MoCA’s advantage has always been its coax-cable transmission medium. A coax cable is a shielded, controlled impedance electrical environment, which is exactly what you want for high-speed data transmission. And while it is not terminated like 10Base2 for optimal high-speed signal handling, RG6 coax is a hell of a better transmission medium than your home’s power line wiring or the interference-laden 2.4 GHz radio band.

I’m not going to provide a technical primer on MoCA. You can hit the FAQ on the MoCA site if you want more details. But there are a few key things you should know:

  • MoCA doesn’t work with satellite TV
    More correctly, NETGEAR says that the MCAB1001 kit won’t work with satellite TV installations. The reason is due to the frequency bands that MoCA, cable and satellite TV use (850-1550 MHz). MoCA actually can be configured to work with satellite TV installations. But it is not an exercise that the average consumer could pull off, hence, NETGEAR’s "no satellite TV" position.
  • It can work through splitters
    The MoCA FAQ says that "MoCA can work effectively through a significant number of splitters". It also says that it can work backward through splitters and from output to output. It won’t work backwards through amplifiers, however.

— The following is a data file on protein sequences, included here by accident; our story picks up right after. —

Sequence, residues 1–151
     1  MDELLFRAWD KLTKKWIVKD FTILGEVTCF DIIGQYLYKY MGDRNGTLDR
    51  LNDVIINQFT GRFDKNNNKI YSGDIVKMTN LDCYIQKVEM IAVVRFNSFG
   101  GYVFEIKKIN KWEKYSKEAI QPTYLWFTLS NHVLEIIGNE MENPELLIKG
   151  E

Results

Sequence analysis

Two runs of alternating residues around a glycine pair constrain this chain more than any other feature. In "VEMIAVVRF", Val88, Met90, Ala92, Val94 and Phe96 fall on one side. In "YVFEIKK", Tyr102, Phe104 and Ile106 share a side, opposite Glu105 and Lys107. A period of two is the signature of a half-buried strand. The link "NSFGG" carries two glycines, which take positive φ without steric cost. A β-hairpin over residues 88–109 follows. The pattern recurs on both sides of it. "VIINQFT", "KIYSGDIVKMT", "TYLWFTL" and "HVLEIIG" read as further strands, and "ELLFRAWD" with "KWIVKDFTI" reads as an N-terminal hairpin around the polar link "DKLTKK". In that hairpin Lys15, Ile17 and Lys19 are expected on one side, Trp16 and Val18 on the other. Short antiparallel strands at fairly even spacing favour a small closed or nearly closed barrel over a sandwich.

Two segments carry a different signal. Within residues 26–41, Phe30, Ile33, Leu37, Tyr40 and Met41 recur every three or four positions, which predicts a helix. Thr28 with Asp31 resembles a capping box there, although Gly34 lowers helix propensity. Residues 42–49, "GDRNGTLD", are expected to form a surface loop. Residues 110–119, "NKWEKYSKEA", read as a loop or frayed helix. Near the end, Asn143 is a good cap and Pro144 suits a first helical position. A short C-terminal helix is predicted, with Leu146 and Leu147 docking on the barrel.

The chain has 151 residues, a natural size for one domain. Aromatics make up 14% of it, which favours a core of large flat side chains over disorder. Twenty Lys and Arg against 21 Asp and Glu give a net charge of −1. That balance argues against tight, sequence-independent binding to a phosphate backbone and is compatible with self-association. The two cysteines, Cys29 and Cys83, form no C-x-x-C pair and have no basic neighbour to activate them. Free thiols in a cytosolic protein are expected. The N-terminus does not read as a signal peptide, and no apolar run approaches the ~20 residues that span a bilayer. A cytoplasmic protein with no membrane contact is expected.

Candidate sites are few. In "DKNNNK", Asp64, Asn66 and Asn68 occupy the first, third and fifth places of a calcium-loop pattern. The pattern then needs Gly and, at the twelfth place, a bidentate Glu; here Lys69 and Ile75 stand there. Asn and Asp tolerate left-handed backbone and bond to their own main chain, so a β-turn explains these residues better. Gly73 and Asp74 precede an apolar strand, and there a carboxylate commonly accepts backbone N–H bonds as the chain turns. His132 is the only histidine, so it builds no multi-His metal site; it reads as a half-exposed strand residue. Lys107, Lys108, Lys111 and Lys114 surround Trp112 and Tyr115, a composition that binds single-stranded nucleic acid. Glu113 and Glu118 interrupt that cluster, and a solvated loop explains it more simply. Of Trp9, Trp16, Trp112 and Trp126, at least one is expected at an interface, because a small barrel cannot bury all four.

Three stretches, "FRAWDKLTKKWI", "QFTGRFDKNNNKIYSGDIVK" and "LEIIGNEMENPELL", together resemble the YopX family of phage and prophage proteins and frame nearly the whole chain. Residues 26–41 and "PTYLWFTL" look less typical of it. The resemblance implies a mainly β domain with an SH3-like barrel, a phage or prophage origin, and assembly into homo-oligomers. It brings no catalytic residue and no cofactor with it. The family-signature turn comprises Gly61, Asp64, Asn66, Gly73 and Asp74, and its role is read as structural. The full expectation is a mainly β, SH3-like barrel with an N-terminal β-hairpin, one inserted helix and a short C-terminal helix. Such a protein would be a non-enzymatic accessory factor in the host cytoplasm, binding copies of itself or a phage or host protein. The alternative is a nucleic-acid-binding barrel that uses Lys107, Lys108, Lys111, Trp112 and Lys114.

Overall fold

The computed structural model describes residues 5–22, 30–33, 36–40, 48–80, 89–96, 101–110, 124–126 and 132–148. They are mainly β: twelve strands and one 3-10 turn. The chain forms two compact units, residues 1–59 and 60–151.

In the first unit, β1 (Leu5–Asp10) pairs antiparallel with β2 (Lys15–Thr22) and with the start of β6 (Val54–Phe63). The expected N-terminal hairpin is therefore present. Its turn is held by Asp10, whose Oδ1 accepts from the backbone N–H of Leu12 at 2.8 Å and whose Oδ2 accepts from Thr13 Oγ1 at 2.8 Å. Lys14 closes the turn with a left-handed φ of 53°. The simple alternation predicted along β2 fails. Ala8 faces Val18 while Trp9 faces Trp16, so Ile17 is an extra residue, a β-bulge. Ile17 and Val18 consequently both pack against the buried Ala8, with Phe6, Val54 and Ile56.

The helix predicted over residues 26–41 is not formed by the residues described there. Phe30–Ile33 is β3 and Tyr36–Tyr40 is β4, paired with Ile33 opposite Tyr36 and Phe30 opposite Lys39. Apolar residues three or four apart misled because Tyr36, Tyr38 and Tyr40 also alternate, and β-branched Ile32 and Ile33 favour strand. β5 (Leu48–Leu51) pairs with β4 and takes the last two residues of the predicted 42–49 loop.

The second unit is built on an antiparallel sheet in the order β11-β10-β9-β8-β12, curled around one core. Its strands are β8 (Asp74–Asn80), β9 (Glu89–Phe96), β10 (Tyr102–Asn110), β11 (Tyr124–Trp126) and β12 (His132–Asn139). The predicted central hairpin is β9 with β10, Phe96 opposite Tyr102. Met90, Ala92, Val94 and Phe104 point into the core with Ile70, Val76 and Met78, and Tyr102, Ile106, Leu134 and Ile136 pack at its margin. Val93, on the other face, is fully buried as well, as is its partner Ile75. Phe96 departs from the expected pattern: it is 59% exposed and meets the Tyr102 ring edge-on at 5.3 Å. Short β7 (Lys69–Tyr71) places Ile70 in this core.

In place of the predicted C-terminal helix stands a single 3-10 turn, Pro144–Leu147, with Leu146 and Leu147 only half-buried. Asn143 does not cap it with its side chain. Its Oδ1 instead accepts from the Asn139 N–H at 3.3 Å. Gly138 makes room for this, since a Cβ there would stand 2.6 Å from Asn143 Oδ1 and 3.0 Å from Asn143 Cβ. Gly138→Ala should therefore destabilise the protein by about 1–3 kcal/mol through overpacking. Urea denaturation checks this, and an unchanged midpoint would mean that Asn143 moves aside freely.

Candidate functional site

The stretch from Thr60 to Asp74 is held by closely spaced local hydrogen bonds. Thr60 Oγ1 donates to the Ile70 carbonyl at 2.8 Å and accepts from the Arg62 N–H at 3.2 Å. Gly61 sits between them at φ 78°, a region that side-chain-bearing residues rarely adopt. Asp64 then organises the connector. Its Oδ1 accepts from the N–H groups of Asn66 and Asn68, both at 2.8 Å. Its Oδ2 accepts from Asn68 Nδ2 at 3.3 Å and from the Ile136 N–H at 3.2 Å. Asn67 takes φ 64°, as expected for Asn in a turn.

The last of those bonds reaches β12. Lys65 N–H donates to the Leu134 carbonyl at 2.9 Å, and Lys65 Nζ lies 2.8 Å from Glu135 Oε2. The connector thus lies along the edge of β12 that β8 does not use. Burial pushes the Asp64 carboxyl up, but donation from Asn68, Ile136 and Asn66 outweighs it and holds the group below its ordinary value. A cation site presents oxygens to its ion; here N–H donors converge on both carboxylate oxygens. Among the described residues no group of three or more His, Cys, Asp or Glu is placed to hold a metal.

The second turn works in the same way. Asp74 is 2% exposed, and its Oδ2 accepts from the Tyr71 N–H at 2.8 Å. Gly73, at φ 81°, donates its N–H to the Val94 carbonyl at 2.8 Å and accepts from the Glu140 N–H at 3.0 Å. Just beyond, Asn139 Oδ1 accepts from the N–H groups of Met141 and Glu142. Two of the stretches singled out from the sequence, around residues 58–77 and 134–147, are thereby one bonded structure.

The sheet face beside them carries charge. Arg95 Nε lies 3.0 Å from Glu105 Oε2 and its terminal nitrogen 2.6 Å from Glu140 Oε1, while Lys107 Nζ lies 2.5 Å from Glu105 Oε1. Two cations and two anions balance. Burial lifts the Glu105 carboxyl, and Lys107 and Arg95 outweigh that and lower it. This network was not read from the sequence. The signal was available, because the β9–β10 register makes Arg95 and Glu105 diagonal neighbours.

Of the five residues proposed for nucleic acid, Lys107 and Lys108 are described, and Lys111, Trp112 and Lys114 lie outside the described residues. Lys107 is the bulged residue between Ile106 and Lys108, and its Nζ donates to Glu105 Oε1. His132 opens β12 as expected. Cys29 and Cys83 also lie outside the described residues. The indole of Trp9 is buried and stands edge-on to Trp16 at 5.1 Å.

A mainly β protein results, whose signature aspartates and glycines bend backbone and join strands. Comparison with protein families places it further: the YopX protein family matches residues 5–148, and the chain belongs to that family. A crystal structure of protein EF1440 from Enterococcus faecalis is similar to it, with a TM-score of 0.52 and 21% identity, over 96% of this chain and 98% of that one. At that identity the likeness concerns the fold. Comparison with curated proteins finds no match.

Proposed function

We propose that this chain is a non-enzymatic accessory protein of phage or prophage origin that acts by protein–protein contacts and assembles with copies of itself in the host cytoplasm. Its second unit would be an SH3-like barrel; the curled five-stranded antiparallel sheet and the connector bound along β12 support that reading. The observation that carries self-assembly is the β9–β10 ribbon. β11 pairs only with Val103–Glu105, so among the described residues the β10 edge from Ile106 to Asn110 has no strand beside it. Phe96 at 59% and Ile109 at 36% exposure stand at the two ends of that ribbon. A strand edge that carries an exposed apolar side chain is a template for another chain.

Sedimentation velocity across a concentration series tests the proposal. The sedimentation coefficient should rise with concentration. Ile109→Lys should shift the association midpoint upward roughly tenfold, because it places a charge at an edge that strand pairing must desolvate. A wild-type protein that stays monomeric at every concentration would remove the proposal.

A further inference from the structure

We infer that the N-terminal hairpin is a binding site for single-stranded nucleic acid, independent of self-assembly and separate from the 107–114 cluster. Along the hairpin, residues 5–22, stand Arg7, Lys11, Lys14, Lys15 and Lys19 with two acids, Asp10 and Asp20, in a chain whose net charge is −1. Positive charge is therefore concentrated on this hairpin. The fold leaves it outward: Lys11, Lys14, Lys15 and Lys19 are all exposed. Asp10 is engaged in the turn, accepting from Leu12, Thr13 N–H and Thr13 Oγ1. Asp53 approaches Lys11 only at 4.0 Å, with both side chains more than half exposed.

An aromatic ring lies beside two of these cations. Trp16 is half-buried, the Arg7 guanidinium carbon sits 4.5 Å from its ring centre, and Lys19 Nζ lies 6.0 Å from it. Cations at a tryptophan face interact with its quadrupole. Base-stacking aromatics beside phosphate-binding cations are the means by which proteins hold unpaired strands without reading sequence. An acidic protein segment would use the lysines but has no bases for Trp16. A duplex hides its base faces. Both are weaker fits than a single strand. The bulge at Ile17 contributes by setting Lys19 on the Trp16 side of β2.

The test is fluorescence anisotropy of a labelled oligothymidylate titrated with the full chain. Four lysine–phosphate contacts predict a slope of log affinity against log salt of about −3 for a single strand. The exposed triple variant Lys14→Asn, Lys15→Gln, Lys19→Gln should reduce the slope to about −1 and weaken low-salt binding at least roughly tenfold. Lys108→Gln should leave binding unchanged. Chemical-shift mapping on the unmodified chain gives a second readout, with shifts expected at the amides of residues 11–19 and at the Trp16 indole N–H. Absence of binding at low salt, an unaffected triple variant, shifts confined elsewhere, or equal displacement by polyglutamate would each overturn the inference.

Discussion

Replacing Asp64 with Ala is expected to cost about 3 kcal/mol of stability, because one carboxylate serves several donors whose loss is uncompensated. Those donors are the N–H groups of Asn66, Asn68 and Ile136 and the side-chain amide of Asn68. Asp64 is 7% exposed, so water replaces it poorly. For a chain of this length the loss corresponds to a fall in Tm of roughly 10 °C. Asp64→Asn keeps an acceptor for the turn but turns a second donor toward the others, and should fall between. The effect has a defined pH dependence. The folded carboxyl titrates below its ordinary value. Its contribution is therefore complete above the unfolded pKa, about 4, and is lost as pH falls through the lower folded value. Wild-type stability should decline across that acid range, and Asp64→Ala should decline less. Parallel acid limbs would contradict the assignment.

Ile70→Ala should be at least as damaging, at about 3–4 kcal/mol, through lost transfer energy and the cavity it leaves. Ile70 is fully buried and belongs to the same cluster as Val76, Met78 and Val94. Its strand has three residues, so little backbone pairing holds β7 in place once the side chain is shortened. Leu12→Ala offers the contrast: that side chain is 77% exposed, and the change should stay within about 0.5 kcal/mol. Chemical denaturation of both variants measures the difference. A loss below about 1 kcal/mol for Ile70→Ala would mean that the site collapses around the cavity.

• It works through a lot of cable
    The MoCA FAQ quotes 100 Mbps "at distances of more than 300m". I believe ’em on the distance. But the throughput numbers, like all that vendors quote, is squishy.
  • You don’t need to use RG6 coax
    The MoCA FAQ says "if you can receive a TV signal from the outlet, it can support MoCA". But if you have a long run of cheap RG58 with lots of stubs and corroded / loose connections, you probably won’t get maximum throughput.
  • 16 nodes maximum
    MoCA 1.0 supported only 8 nodes. But 1.1, which the MCA1001 is certified to, supports 16.

Product Overview

Like powerline adapters, the MCA1001 (that’s what the actual adapter is called) isn’t too complicated. Figure 1 from the User manual shows the front panel indicators.